It helps, too, that the birds have a 35 year lifespan and few local predators, enabling them to breed freely.

As with any new species, the debate has raged about whether they are harmful to the ecosystem. Strangely reminiscent of the debate over human migrants, often the birds have often been accused of stealing the homes of the natives. The parakeets do nest in tree cavities also used by jackdaws, owls and woodpeckers – but there is little evidence that native species are being muscled out. 

The also provide a food source for Britain's embattled birds of prey. Owls and peregrine falcons have been know to eat them. Charlie and Tom, two city dwelling falcons monitored by Nathalie Mahieu, often bring back parakeets as food.
Of more concern is the new arrivals’ effect on plants and trees. By 2009 their numbers in the UK had grown so much that they were added to the “general licence” of species, which can be killed without individual permission if they are causing damage.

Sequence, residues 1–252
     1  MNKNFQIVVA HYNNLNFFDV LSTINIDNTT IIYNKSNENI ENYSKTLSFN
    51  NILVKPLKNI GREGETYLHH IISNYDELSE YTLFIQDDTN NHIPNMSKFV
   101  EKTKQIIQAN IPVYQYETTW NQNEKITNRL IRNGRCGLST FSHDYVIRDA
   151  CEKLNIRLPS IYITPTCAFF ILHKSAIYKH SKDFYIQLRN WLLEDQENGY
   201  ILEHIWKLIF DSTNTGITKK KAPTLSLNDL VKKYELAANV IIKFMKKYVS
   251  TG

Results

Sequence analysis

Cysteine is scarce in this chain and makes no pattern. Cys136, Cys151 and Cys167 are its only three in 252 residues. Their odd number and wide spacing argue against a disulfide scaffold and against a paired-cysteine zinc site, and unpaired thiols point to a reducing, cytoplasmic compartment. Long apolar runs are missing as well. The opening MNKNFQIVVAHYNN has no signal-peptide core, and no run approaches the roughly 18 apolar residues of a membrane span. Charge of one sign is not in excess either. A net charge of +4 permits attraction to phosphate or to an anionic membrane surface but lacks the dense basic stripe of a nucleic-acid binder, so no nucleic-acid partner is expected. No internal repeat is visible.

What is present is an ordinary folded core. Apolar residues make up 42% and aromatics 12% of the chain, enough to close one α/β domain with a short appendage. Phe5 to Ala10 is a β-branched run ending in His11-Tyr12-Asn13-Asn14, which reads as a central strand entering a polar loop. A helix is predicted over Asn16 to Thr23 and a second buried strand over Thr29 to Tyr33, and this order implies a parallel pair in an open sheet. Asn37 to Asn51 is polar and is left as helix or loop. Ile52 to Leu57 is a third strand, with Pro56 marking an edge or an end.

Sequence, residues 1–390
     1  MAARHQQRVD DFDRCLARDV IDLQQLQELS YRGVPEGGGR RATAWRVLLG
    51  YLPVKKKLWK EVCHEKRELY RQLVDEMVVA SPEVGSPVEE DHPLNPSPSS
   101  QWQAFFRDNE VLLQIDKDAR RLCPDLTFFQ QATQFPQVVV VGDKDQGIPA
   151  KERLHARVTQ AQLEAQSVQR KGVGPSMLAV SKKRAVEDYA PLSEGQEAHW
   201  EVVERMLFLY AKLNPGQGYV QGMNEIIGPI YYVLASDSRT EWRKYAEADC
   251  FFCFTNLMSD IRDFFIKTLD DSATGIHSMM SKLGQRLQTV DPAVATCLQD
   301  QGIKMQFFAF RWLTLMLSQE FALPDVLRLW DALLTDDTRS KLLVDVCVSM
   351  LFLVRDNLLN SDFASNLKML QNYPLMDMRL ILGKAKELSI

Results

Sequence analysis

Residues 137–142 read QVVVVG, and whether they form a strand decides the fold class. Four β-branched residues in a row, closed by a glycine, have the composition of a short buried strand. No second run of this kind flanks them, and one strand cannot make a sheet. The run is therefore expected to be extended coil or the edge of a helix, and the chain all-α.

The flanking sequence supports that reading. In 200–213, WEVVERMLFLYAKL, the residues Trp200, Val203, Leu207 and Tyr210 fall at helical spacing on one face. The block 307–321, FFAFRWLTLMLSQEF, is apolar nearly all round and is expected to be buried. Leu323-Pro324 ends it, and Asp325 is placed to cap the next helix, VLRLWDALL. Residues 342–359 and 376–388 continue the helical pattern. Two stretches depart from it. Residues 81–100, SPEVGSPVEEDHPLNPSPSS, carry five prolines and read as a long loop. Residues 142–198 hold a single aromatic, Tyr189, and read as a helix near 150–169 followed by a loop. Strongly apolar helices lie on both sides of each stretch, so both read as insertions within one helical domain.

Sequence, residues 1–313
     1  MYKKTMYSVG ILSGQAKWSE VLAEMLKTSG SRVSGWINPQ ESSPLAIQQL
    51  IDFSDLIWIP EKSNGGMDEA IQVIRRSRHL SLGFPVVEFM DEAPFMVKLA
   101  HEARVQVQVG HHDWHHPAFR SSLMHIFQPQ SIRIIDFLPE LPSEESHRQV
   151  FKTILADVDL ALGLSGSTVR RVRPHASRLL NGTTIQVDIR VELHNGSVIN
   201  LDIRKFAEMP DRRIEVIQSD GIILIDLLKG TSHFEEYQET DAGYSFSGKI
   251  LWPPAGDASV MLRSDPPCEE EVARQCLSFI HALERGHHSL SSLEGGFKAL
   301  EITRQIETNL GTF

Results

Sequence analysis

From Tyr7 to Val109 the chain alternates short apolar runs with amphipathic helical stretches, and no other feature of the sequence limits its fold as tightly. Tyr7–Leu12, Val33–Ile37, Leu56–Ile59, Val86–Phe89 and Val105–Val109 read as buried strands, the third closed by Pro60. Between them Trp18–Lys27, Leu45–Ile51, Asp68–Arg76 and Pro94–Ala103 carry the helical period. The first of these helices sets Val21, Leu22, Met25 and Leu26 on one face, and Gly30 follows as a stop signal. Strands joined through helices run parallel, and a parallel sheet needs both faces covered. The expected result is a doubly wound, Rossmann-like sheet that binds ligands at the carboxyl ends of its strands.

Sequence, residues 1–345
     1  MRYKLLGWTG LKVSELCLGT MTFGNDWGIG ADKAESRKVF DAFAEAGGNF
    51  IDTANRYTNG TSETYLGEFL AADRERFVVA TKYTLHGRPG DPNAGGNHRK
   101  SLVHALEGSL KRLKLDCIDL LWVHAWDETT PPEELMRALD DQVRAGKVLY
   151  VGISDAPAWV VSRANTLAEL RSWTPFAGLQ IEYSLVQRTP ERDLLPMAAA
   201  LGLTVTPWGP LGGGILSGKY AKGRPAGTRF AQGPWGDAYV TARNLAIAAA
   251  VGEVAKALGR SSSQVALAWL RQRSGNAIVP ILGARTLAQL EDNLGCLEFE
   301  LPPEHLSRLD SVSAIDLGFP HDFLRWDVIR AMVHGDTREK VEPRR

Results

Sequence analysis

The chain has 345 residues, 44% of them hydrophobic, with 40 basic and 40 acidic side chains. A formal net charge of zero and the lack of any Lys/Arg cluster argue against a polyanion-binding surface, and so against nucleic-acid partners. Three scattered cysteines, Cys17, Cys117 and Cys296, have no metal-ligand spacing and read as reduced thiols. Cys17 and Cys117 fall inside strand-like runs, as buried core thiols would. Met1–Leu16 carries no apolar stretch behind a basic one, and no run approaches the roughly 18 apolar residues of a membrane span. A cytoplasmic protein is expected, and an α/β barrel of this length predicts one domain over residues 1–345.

And Parrotnet, am EU funded research project studying the development of parakeet populations across Europe, has warned of the risk they pose to agriculture. In their native India, the parakeets are known to cause widespread damage to crops. As agriculture develops in the UK in line with warmer climates, crops such as maize, grapes and sunflower will become more popular. In India the birds have been documented as reducing maize crops by 81 per cent.

So the parakeets remain divisive. Environmentalist Tony Juniper has disparagingly described them as “the grey squirrel of the skies”. By contrast, the University of York biologist Chris D. Thomas has argued that the parakeets should be left free to move and breed. He sees those wary of the parakeet boom of “irrational persecution” of the bird.

For good or ill the parakeets are here to stay. As so often with migrants of all kinds, there has been some unease about the impact they have had – but the birds, popular amongst Londoners, certainly add colour to the city. Thriving in the urban environment thousands of miles from their natural habitat, they are a metropolitan bird for Europe’s metropolitan cities.